Simply Impossible: A Case against Divine Simplicity

In: Journal of Reformed Theology


Within contemporary philosophical theology the doctrine of divine simplicity has regained attention.1 The pertinent literature has increased by several new defenses of the doctrine.2 One of the more surprising, and troubling, aspects of the contemporary defenses amongst Christian philosophers and theologians is a seeming lack of understanding about how radical the doctrine of divine simplicity truly is. As such, I wish to do a few things in this paper. First, systematically articulate the doctrine of divine simplicity. Second, argue that divine simplicity is not a possible perfection. Third, offer some concluding remarks and highlight remaining issues that will need to be sorted out for the debate over simplicity to meaningfully continue.

  • 2

    Jeffrey Brower, ‘Making Sense of Divine Simplicity,’ in Faith and Philosophy 25 (2008). Stephen Holmes, ‘Something Much too Plain to Say: Towards a Defense of the Doctrine of Divine Simplicity,’ NZSTH 43 (2001). Christopher Franks, ‘The Simplicity of the Living God: Aquinas, Barth, and Some Philosophers,’ Modern Theology 21 (2005). James E. Dolezal, God Without Parts: Divine Simplicity and the Metaphysics of God’s Absoluteness (Eugene: Wipf and Stock Publishers, 2011).

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  • 6

    Nicholas Wolterstorff, Inquiring About God: Selected Essays (New York: Cambridge University Press, 2010), 153.

  • 9

    Dolezal, God Without Parts, 31.

  • 11

      Kevin Timpe, ‘Truth Making and Divine Eternity’, Religious Studies 43 (2007), 299. Eleonore Stump, Aquinas (New York: Routledge, 2003), 96-7. Jeffrey E. Brower, ‘Simplicity and Aseity’, in eds. Thomas P. Flint and Michael C. Rea, The Oxford Handbook of Philosophical Theology (New York: Oxford University Press, 2009), 105. Brian Davies, ‘Simplicity’, in eds. Charles Taliaferro and Chad Meister, The Cambridge Companion to Christian Philosophical Theology (New York: Cambridge University Press, 2010), 37-40.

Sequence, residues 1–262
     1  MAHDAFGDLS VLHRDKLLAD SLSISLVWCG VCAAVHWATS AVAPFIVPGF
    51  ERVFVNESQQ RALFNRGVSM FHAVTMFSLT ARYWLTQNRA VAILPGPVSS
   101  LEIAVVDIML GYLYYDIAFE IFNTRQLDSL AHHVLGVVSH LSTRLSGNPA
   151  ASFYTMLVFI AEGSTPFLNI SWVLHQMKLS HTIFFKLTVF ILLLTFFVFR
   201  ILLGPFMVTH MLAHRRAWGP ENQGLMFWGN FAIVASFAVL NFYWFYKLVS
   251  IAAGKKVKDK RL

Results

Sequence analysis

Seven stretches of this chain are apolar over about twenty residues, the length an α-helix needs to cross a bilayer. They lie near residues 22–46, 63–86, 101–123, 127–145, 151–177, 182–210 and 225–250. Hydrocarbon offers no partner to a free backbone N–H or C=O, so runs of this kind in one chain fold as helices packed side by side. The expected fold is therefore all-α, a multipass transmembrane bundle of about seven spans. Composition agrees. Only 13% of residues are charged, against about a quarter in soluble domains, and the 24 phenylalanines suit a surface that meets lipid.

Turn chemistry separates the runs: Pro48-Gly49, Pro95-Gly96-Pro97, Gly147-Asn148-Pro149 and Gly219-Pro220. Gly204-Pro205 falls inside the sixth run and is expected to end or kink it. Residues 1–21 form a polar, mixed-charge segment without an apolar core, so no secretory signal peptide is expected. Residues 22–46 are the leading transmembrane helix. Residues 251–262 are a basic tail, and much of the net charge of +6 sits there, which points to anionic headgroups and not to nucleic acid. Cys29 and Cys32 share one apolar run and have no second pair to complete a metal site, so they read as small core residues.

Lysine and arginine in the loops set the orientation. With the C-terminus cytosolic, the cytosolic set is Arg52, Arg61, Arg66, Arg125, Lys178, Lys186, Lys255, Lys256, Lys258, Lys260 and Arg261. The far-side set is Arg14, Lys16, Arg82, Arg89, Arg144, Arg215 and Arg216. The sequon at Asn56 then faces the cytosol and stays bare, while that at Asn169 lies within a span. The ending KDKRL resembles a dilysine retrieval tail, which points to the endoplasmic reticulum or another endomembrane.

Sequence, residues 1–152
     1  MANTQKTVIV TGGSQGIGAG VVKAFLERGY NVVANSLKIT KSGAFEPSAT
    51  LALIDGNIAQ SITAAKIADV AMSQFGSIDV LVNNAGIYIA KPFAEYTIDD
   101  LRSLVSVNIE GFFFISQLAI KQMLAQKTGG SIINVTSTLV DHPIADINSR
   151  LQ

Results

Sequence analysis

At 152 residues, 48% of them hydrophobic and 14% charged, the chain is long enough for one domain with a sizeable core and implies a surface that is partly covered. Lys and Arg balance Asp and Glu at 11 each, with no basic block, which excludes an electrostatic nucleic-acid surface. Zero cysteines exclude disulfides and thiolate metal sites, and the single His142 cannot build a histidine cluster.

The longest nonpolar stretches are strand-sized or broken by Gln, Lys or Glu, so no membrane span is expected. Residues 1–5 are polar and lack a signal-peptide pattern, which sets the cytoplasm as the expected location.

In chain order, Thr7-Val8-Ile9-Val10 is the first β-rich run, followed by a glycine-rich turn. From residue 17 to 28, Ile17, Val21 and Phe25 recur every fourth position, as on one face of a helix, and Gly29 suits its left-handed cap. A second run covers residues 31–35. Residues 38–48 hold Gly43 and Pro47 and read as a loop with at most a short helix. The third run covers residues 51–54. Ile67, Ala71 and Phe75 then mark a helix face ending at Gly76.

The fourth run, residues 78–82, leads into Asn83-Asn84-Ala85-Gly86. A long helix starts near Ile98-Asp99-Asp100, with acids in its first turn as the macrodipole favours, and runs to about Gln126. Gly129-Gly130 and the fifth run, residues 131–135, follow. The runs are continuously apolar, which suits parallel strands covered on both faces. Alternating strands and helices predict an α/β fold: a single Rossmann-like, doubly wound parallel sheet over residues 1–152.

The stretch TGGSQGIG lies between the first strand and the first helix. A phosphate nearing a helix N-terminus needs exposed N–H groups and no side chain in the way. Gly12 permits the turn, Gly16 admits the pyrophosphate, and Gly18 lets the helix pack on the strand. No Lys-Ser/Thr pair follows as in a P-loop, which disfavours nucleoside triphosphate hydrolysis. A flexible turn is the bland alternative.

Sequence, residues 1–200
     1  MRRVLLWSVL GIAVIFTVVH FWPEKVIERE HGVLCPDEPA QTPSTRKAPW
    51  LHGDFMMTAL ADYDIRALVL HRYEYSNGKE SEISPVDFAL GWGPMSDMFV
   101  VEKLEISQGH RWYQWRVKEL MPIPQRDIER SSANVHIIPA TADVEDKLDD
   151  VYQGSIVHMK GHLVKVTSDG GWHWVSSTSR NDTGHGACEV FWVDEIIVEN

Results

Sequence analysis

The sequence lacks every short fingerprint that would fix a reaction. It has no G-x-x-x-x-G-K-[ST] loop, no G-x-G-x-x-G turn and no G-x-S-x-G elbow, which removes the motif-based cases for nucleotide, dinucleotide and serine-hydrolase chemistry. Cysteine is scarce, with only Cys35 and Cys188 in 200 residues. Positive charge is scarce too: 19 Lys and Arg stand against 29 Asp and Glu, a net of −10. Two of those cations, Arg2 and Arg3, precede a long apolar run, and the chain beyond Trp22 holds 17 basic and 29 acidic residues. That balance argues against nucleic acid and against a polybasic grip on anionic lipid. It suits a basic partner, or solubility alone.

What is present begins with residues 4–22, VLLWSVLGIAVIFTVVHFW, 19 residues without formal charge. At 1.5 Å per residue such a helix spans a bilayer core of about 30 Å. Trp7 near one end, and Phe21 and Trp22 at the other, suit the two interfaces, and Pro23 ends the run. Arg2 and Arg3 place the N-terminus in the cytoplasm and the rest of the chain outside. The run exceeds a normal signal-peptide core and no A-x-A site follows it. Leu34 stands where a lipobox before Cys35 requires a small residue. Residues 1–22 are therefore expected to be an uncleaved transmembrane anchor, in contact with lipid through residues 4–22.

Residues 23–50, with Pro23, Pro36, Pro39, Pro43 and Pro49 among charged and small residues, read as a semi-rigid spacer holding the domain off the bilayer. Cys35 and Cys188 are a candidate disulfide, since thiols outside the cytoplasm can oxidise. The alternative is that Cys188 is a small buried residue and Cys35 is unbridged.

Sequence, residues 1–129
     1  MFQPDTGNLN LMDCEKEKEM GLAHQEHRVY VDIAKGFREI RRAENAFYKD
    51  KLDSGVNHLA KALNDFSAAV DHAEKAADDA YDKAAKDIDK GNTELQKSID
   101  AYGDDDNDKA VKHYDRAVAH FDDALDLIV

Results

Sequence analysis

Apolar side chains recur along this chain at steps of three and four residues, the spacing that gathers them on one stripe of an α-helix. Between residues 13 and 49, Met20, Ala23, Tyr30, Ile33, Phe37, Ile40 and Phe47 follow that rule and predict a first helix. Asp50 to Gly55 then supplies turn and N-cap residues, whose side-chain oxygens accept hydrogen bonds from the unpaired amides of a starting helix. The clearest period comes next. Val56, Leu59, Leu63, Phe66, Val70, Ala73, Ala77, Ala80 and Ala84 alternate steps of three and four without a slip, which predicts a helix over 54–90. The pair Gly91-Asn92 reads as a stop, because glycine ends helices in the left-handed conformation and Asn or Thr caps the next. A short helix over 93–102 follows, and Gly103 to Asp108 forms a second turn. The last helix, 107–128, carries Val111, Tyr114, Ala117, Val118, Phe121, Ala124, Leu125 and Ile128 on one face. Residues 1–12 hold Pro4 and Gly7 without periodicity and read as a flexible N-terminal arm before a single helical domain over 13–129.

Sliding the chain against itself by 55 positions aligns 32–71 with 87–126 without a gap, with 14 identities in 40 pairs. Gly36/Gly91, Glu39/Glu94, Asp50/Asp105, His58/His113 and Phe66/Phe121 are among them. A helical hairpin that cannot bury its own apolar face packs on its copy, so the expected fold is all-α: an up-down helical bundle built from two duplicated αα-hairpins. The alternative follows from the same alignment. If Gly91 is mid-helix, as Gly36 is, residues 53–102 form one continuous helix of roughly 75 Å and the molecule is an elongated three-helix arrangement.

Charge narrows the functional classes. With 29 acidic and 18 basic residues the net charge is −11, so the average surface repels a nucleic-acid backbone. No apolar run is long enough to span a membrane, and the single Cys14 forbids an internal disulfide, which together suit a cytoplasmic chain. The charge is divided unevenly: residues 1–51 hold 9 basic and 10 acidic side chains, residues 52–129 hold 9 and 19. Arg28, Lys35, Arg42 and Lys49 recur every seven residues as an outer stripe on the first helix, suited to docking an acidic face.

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  • 12

    Richard Cross, Duns Scotus on God (Burlington: Ashgate Publishing, 2005), 108-9. John F. Wipple, ‘Metaphysics,’ in ed. Norman Kreztmann and Eleonore Stump, The Cambridge Companion to Aquinas (Cambridge: Cambridge University Press, 1993). Scott MacDonlad, ‘The Divine Nature,’ in ed. Eleonore Stump and Norman Kreztmann, The Cambridge Companion to Augustine (Cambridge: Cambridge University Press, 2001).

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  • 14

    See Robert Pasnau, Metaphysical Themes: 1274-1689 (London: Oxford University Press, 2011), chapter 18. Also, Richard Cross, Duns Scotus on God, 122.

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  • 20

    See, ‘Absolute Simplicity,’ 369, and their ‘Simplicity Made Plainer,’ Faith and Philosophy 4 (1987). For a critique of their move see Katherin Rogers, ‘The Traditional Doctrine of Divine Simplicity,’ Religious Studies 32 (1996).

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  • 24

    Stock, A Stock of Divine Knowledge, being a lively description of the divine nature (London: T.H. for Philip Nevil, 1641), 88.

  • 29